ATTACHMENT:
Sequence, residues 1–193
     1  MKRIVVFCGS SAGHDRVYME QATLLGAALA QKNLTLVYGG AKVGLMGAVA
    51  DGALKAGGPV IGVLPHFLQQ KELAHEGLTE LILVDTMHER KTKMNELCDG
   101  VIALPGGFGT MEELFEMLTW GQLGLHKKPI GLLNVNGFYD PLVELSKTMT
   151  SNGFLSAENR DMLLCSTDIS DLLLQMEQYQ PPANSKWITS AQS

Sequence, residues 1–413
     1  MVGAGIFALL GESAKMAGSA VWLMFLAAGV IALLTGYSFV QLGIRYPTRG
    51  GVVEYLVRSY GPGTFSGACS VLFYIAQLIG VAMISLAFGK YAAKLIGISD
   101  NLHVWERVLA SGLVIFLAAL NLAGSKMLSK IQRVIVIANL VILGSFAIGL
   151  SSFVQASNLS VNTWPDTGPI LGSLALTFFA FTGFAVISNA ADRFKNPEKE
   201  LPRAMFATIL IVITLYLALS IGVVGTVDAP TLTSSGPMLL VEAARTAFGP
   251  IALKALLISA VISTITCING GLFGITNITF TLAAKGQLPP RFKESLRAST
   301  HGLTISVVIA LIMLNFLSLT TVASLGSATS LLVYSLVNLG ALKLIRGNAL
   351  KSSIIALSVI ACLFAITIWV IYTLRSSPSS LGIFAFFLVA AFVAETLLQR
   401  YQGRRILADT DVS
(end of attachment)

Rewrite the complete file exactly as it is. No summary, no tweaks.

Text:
Sequence, residues 1–193
     1  MKRIVVFCGS SAGHDRVYME QATLLGAALA QKNLTLVYGG AKVGLMGAVA
    51  DGALKAGGPV IGVLPHFLQQ KELAHEGLTE LILVDTMHER KTKMNELCDG
   101  VIALPGGFGT MEELFEMLTW GQLGLHKKPI GLLNVNGFYD PLVELSKTMT
   151  SNGFLSAENR DMLLCSTDIS DLLLQMEQYQ PPANSKWITS AQS

Sequence, residues 1–413
     1  MVGAGIFALL GESAKMAGSA VWLMFLAAGV IALLTGYSFV QLGIRYPTRG
    51  GVVEYLVRSY GPGTFSGACS VLFYIAQLIG VAMISLAFGK YAAKLIGISD
   101  NLHVWERVLA SGLVIFLAAL NLAGSKMLSK IQRVIVIANL VILGSFAIGL
   151  SSFVQASNLS VNTWPDTGPI LGSLALTFFA FTGFAVISNA ADRFKNPEKE
   201  LPRAMFATIL IVITLYLALS IGVVGTVDAP TLTSSGPMLL VEAARTAFGP
   251  IALKALLISA VISTITCING GLFGITNITF TLAAKGQLPP RFKESLRAST
   301  HGLTISVVIA LIMLNFLSLT TVASLGSATS LLVYSLVNLG ALKLIRGNAL
   351  KSSIIALSVI ACLFAITIWV IYTLRSSPSS LGIFAFFLVA AFVAETLLQR
   401  YQGRRILADT DVS